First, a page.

Inverse hyperbolic function
In mathematics, the inverse hyperbolic functions provide a hyperbolic angle corresponding to a given value of a hyperbolic function. The size of the hyperbolic angle is equal to the area of the corresponding hyperbolic sector of the hyperbola x y = 1, while the area of a circular sector of the unit circle is one-half the corresponding circular angle. Some authors have called inverse hyperbolic functions "area functions" to realize the hyperbolic angles.
The abbreviations arcsinh, arccosh, etc., are commonly used, even though they are misnomers, since the prefix arc is the abbreviation for arcus, while the prefix ar stands for area. Other authors prefer to use the notation argsinh, argcosh, argtanh, and so on. In computer science this is often shortened to asinh. The notation sinh−1(x), cosh−1(x), etc., is also used, despite the fact that care must be taken to avoid misinterpretations of the superscript −1 as a power as opposed to a shorthand for inverse (e.g., cosh−1(x) versus cosh(x)−1).
Logarithmic representation 
The operators are defined in the complex plane by:
The above square roots are principal square roots, and the logarithm function is the complex logarithm. For real arguments, i.e., z = x, which return real values, certain simplifications can be made e.g. , which are not generally true when using principal square roots.
Series expansions 
Expansion series can be obtained for the above functions:
Asymptotic expansion for the arsinh x is given by
For real x:
For an example differentiation: let θ = arsinh x, so:
Composition of hyperbolic and inverse hyperbolic functions 
Addition formulae 
Other identities 
See also 
- As stated by Jan Gullberg, Mathematics: From the Birth of Numbers (New York: W. W. Norton & Company, 1997), ISBN 0-393-04002-X, p. 539:
Another form of notation, arcsinh x, arccosh x, etc., is a practice to be condemned as these functions have nothing whatever to do with arc, but with area, as is demonstrated by their full Latin names,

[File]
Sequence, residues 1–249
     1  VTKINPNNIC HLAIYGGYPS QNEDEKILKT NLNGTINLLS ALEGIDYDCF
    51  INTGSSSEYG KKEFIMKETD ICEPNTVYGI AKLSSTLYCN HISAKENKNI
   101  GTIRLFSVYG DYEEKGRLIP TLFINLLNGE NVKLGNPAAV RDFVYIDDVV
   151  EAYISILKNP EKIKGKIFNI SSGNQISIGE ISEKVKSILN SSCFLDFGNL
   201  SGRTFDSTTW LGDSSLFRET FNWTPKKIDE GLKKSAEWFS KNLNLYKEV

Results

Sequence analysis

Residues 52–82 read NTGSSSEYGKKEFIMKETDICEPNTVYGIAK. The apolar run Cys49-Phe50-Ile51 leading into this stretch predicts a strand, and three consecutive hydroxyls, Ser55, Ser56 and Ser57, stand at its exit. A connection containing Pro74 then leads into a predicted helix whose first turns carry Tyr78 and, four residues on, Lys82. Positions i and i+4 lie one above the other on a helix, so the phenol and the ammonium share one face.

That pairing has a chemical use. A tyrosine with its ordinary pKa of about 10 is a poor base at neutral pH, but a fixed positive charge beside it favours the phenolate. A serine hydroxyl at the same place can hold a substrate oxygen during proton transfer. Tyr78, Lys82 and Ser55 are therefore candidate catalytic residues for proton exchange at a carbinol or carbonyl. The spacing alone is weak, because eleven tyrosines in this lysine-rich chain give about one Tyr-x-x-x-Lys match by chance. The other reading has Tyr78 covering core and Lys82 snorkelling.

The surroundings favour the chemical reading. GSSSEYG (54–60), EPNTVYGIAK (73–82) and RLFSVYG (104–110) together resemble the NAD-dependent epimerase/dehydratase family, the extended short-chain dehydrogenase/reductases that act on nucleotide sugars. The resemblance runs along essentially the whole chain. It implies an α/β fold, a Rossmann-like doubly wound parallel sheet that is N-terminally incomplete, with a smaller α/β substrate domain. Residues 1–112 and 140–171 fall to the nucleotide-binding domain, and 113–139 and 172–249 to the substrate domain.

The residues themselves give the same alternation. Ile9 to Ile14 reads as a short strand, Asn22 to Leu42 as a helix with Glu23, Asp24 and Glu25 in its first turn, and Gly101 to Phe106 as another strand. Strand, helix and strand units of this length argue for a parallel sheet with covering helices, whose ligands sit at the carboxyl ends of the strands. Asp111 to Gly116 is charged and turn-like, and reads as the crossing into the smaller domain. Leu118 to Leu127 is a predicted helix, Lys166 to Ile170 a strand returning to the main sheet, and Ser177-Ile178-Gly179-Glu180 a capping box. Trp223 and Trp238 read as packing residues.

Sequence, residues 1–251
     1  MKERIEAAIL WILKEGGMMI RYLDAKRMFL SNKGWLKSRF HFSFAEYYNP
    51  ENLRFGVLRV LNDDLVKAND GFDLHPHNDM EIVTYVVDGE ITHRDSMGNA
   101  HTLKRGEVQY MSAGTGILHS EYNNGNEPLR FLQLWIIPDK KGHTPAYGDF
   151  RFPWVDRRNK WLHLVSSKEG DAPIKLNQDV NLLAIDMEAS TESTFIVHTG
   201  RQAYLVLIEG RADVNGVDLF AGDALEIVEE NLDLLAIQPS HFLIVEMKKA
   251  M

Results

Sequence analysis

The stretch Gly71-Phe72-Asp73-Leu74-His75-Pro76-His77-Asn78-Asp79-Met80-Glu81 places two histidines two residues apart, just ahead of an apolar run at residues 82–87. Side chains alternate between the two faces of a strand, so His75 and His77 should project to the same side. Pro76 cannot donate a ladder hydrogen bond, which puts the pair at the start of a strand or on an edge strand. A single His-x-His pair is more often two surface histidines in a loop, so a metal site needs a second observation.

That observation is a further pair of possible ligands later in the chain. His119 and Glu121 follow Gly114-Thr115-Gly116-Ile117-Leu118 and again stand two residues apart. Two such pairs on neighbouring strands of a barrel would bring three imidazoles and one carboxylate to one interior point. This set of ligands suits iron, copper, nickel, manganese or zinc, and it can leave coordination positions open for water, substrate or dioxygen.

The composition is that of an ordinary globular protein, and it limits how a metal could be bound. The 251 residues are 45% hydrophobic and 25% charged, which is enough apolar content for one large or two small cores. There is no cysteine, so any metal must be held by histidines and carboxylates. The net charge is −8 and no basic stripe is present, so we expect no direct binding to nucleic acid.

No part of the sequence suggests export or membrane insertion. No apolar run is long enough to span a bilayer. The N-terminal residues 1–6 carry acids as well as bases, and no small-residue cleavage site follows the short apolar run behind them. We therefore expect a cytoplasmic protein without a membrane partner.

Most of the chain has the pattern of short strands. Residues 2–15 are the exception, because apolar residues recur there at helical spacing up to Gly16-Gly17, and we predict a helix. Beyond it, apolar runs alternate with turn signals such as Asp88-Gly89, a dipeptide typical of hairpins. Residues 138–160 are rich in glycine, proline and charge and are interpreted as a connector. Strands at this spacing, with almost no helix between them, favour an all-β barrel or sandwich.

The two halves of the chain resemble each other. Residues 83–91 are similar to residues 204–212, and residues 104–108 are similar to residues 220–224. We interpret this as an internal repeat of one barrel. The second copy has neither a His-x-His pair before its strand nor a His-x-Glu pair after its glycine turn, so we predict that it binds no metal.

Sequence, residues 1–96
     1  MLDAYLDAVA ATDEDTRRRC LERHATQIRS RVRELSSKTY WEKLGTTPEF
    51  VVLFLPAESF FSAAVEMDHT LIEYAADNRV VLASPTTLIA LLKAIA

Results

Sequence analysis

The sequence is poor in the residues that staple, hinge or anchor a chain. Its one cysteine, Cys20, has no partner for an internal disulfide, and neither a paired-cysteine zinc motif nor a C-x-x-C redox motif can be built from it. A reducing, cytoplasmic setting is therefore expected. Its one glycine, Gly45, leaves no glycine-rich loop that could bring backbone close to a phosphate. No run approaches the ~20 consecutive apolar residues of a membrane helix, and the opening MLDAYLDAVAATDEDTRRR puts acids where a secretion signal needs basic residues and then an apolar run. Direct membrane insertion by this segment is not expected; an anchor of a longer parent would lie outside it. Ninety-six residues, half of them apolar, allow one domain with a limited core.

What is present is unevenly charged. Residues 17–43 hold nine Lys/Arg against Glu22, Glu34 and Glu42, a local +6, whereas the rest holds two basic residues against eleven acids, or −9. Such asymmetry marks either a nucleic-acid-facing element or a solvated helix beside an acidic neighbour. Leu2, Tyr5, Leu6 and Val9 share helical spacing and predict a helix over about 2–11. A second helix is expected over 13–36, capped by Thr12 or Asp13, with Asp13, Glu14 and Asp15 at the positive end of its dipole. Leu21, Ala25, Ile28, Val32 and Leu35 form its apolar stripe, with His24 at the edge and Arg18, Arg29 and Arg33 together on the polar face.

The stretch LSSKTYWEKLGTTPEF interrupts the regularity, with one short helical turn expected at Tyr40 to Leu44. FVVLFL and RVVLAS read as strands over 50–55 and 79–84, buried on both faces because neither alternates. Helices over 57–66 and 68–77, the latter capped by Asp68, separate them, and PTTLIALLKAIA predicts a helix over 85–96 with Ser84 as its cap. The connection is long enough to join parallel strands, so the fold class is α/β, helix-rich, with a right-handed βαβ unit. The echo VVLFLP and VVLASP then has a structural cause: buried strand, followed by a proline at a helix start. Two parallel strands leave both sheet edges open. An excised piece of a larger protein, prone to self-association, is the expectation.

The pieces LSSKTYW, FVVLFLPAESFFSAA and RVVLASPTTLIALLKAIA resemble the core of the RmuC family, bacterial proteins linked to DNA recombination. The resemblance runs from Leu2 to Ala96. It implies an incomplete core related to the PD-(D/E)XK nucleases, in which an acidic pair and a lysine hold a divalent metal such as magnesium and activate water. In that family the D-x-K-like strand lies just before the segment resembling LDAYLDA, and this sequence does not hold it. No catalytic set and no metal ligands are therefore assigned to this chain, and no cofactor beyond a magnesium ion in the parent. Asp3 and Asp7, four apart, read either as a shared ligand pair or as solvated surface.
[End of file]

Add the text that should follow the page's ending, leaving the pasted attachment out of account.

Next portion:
arsinh area sinus hyperbolicus
arcosh area cosinus hyperbolicus, etc.
- As stated by Eberhard Zeidler, Wolfgang Hackbusch and Hans Rudolf Schwarz, translated by Bruce Hunt, Oxford Users' Guide to Mathematics (Oxford: Oxford University Press, 2004), ISBN 0-19-850763-1, Section 0.2.13: "The inverse hyperbolic functions", p. 68: "The Latin names for the inverse hyperbolic functions are area sinus hyperbolicus, area cosinus hyperbolicus, area tangens hyperbolicus and area cotangens hyperbolicus (of x). ..." This aforesaid reference uses the notations arsinh, arcosh, artanh, and arcoth for the respective inverse hyperbolic functions.
- As stated by Ilja N. Bronshtein, Konstantin A. Semendyayev, Gerhard Musiol and Heiner Muehlig, Handbook of Mathematics (Berlin: Springer-Verlag, 5th ed., 2007), ISBN 3-540-72121-5, doi:10.1007/978-3-540-72122-2, Section 2.10: "Area Functions", p. 91:
The area functions are the inverse functions of the hyperbolic functions, i.e., the inverse hyperbolic functions. The functions sinh x, tanh x, and coth x are strictly monotone, so they have unique inverses without any restriction; the function cosh x has two monotonic intervals so we can consider two inverse functions. The name area refers to the fact that the geometric definition of the functions is the area of certain hyperbolic sectors ...
- Herbert Busemann and Paul J. Kelly (1953) Projective Geometry and Projective Metrics, page 207, Academic Press.